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Eschewing Zshell for Emacs Shell (howardism.org)
168 points by brudgers 10 months ago | hide | past | web | favorite | 44 comments



Another thing that's really nice about Eshell is that it has TRAMP integration. You can just `cat /ssh:remote:~/foo.log` and it will transparently spawn an SSH session, run the command on the remote, and print the output.

It's a little like translators on the Hurd.

I don't use Eshell that much anymore (I got used to `M-x shell`), but it really is nice. The only drawback is that everything must go through Emacs buffers, so in some cases performance isn't great.


On Linux this functionality is usually provided by GVFS or KIO. But if you have authenticated to a network resource under Dolphin (KIO), you can't necessarily edit a file using a GTK+-based editor - or even a Qt one that isn't KIO-aware. I think GVFS has the better design: falling back to symlinks is just less surprising for mixed applications (e.g. can't open a terminal on a KIO smb:// directory) even if you can't map everything perfectly to POSIX semantics.


> You can just `cat /ssh:remote:~/foo.log` and it will transparently spawn an SSH session, run the command on the remote, and print the output.

This is one of the few things Windows does better than Unix, IMHO - transparent access to files on other computers (provided you have a login on that machine and the required permissions and so forth).

On Unixoid systems, my main shell is zsh, but at work I have to use Windows, and there I use it a lot.


I wonder what you are talking about, my experience of windows remote access is that remote host even on local network sometimes just do not show up and access sometimes fails for no apparent reason with the added benefits of added vulnerabilites.

Besides plan9 and inferno are from the UNIX family and do transparent remote access way better than any windows or linux.


> even on local network sometimes just do not show up and access sometimes fails for no apparent reason with the added benefits of added vulnerabilites

Well, yes, it is Windows after all.

> Besides plan9 and inferno are from the UNIX family and do transparent remote access way better than any windows or linux

They really did.


The Hurd does this the best in my opinion. It is really flexible and you can just install a translator on any file system node that you control. That translator could do pretty much anything: XML parsing to represent XML as a file tree, FTP listings, SSH access, etc.


Linux and FreeBSD (and probably a couple of other systems I am too lazy to check up on right now) have FUSE, which allows a file system driver to run in user space.

I think what FUSE allows one to do is similar, but one has to mount the "file system" first. There are some pretty clever drivers out there - I have seen one that took a directory tree of flac files and mounted it as a directory tree where all the flac files have been replaced by mp3 files; when you open one of the mp3 files, the driver performs the conversion transparently. There is one driver, I think, that transparently turns access to files into Google searches, so opening a file named "zebu" will give you a file of search results Google returned for that term. And I would guess there some even more ... special ones out there.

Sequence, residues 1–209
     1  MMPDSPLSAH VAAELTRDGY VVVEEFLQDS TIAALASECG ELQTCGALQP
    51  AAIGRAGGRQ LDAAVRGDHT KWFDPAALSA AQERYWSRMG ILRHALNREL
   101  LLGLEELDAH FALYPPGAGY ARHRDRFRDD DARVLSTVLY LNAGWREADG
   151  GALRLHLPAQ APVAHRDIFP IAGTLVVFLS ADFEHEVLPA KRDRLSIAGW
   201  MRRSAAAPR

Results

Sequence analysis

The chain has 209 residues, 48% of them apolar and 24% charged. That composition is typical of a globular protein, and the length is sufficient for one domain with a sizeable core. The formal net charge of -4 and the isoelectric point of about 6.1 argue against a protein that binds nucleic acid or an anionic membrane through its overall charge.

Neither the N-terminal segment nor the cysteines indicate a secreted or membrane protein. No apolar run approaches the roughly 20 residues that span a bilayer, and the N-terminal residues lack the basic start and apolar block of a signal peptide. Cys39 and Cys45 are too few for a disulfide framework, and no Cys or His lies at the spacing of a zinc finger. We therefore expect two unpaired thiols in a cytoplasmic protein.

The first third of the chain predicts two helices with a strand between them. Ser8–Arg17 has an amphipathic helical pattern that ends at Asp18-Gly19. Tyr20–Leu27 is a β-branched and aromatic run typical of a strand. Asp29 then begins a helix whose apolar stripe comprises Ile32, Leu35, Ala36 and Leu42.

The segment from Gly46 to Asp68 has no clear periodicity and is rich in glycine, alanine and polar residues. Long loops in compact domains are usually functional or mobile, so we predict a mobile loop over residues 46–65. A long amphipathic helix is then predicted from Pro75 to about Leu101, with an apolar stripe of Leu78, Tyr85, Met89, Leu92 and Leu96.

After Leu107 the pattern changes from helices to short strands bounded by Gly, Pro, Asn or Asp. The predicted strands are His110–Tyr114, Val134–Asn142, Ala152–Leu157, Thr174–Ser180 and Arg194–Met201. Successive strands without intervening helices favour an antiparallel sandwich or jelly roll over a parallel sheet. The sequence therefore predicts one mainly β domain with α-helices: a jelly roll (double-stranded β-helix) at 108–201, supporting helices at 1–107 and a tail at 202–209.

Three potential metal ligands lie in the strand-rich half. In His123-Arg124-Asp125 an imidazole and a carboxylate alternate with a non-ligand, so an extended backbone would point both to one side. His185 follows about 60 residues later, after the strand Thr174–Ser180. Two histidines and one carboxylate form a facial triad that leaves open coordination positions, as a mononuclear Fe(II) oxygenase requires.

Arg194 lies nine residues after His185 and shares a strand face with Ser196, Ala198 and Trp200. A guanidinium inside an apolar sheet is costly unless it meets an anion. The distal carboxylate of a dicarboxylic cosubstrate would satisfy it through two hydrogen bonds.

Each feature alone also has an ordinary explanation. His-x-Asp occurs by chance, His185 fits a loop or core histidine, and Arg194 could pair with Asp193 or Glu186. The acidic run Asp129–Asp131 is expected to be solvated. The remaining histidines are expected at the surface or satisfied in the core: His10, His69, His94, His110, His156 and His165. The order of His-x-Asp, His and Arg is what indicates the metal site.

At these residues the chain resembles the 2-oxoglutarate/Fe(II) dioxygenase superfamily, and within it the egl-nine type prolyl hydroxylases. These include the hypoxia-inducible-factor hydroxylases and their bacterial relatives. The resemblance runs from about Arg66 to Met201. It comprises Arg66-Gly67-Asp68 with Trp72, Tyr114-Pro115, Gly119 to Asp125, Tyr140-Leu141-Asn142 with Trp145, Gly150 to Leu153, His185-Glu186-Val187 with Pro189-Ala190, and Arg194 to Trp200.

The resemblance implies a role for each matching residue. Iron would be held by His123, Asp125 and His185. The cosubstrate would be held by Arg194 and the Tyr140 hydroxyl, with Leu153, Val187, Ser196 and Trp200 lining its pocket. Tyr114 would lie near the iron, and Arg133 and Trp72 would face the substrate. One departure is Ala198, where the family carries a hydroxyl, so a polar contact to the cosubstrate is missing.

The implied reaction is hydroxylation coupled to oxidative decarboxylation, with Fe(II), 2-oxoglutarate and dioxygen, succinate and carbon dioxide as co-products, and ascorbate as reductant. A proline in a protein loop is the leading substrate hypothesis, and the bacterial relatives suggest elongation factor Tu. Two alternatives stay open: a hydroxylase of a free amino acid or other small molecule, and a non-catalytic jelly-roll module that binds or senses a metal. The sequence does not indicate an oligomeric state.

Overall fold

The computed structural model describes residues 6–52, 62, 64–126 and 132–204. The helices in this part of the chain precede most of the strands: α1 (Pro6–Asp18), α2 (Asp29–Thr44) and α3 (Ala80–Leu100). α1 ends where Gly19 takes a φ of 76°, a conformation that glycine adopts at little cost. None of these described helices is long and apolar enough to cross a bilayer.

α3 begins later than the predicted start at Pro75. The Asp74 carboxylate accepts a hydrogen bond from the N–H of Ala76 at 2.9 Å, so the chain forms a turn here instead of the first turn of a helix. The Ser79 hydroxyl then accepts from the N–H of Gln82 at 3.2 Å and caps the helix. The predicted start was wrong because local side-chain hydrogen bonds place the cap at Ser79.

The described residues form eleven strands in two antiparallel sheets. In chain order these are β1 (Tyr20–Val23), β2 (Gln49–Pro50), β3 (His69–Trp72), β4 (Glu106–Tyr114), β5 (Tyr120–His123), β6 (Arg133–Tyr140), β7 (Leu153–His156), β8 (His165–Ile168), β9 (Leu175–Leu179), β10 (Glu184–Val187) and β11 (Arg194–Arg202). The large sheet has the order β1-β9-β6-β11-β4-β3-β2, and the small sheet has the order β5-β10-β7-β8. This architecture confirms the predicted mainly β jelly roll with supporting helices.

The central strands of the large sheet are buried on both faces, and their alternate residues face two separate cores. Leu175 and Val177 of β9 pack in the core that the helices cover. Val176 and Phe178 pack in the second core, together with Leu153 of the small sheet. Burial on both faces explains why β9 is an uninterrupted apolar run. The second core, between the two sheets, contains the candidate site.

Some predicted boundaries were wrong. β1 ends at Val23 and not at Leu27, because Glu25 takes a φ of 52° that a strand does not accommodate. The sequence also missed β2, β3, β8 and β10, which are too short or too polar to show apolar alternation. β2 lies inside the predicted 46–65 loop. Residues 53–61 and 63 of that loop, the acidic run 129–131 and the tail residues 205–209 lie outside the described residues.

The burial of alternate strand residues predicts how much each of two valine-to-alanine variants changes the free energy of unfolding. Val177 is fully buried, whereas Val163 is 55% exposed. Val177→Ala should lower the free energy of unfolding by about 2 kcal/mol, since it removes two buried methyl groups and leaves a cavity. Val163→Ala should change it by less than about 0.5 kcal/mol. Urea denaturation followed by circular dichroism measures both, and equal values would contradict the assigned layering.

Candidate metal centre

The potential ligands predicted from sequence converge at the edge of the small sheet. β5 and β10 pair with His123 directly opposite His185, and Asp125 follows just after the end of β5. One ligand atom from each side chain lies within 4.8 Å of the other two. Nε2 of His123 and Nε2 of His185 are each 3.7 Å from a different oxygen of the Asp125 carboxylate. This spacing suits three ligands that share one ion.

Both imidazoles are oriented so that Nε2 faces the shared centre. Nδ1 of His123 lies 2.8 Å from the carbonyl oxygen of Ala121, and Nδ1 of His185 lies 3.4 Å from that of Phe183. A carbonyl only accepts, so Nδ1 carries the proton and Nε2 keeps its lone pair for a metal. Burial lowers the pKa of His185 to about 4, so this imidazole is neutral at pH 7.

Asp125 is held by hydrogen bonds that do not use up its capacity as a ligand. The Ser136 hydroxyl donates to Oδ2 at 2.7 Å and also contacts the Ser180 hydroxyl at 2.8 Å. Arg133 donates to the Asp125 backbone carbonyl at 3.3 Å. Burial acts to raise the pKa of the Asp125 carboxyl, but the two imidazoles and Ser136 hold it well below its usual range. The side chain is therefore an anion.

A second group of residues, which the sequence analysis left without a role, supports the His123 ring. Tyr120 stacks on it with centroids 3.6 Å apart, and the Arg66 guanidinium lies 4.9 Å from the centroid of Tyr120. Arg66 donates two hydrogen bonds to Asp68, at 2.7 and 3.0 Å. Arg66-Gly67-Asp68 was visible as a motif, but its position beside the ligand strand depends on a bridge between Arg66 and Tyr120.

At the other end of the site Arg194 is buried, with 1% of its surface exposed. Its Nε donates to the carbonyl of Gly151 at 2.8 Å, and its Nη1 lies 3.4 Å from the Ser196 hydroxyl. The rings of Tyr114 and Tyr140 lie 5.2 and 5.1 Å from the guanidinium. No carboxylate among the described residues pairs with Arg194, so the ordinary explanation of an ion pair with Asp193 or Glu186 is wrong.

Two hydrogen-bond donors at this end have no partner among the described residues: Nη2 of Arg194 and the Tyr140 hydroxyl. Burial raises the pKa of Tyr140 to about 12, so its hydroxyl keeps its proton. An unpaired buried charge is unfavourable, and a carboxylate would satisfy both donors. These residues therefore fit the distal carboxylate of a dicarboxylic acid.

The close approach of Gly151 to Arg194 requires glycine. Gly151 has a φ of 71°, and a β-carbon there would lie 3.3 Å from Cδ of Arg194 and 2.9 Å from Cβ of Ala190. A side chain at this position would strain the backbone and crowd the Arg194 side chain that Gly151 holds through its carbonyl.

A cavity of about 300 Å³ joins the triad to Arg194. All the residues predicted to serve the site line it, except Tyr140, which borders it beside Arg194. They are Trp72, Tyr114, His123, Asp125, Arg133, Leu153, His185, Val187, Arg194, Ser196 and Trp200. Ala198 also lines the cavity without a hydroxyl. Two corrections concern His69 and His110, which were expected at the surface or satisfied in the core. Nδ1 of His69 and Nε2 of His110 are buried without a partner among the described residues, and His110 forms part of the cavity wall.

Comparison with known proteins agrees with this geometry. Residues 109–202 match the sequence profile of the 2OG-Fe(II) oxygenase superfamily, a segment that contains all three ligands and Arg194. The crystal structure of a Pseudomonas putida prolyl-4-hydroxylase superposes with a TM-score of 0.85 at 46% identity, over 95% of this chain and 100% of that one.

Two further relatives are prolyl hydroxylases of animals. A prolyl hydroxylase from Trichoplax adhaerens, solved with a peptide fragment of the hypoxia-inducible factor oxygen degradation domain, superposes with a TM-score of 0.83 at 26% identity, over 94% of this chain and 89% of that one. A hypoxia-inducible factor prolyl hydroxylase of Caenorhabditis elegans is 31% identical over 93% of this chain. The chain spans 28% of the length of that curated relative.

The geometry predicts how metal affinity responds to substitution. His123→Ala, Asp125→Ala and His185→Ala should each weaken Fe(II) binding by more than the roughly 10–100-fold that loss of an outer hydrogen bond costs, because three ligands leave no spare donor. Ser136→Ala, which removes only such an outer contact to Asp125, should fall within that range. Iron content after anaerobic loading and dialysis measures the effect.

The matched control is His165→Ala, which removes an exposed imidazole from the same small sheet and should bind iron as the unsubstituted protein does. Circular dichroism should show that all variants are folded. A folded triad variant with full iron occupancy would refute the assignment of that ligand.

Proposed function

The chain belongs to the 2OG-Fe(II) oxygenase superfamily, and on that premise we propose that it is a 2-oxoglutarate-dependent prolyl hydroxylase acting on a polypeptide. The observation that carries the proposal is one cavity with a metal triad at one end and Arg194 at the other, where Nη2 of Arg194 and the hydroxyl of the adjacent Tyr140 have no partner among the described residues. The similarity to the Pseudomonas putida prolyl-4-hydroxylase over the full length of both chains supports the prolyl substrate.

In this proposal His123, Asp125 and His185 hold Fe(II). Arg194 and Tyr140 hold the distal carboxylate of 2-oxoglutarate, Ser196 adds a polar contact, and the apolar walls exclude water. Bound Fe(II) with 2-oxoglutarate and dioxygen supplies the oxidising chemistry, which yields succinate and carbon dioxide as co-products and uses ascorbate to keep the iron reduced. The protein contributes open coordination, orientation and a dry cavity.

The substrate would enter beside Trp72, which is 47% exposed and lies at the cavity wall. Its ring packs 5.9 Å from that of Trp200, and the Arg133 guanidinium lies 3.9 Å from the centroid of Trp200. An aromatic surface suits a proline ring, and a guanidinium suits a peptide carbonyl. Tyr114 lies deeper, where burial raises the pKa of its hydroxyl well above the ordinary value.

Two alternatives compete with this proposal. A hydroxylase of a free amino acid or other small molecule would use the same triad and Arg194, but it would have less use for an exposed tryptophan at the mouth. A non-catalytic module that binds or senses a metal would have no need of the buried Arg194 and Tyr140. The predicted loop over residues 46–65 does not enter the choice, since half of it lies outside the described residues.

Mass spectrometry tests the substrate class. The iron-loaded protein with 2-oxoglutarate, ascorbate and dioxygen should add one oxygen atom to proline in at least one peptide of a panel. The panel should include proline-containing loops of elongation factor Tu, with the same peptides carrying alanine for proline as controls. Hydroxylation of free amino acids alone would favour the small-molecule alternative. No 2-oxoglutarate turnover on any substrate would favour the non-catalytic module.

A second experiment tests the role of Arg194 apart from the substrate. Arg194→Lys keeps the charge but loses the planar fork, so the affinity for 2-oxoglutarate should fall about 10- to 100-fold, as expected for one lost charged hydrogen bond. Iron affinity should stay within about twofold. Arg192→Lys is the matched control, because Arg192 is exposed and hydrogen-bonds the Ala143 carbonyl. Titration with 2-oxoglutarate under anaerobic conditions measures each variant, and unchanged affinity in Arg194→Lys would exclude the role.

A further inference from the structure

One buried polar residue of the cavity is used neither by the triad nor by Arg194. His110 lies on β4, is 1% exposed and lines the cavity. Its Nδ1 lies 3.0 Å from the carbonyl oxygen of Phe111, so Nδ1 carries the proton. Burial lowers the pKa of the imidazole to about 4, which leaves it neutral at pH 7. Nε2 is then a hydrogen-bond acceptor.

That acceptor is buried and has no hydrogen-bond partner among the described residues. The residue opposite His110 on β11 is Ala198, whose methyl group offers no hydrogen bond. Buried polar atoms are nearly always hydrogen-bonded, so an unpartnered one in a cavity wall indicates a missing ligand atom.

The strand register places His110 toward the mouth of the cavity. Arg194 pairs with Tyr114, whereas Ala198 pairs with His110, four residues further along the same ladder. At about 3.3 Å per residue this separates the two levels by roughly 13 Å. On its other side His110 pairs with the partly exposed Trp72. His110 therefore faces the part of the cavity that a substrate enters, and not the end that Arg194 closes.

But besides the trouble of mounting such a "file system" first, the OS kernel itself has no knowledge of what the driver does. It simply passes back and forth access requests and data (roughly speaking, I have never written one myself).

On Windows, many functions in the Win32 API take a parameter that designates a host on which to perform the operation. So the operating system at kernel level has a notion that there are other Windows systems out there it can talk to over the network and send each other commands or data.

On Unixoid systems, I sometimes miss this builtin network access which is automatically supported by all applications. OTOH, that opens a large can of worms, given the number of security issues that have come up over the years with Windows' SMB protocol or its RPC mechanism. So maybe the status quo is good.

Now that I think of it, Microsoft's Powershell allows something like a translator. They are called Providers, I think. One can access the Windows registry a directory tree-like structure and add or delete values by creating or removing "files". I think it is extensible, too. I vaguely remember that it is possible to traverse the directory tree of a Windows domain.


FUSE doesn't compose well, though.

On the Hurd you can, for example, transparently access a node of an XML file inside a gzipped tarball on an FTP server; with FUSE you'd have to design the userspace file system adapter to support these extensions, whereas with the Hurd it's a consequence of using nodes of the virtual file system as flexible rendezvous points for stacked translators.

With FUSE users are still second to admins when it comes to file systems. On the Hurd all file operations can be interposed -- it enables fine-grained virtualisation by design.

(On Linux, on the other hand, user namespaces are a post-hoc hack.)


Err, i may be missing something, but you can do this with ssh anyway:

ssh host cat foo.log


Then here is a better example:

$ find-file /ssh:foo@example.com:/opt/myfile.txt

Emacs will open the remote file in a buffer local to your Emacs and you can edit it as though it were a local file. When you save it's saved remotely, etc.


Also when you C-x C-f /ssh:x@y.com:/a/directory, it opens in dired and all the dired operations happen on the remote computer, including visiting files w/ RET. Also, from within that dired buffer, typing M-x shell RET starts a remote shell session. Dired w/ dired-hacks package is my main tool for interacting w/ projects. Also, IIRC, VC mode works nicely w/ tramp too, when editing remote files.


Hey mickey, thanks for "Mastering Emacs"! I'm glad I bought it. I recommend it to everyone having trouble making themselves comfortable in Emacs.


Completely agree! It came out just after I decided to ditch vim and use emacs. This book has helped me a whole lot with understanding emacs.

Thank you vey much for this book Mickey!


Seconded - I've been using Emacs exclusively since 2009, and still find something worthwhile every time I dip into Mastering Emacs.


Thank you very much :)


Even better example, if you do say: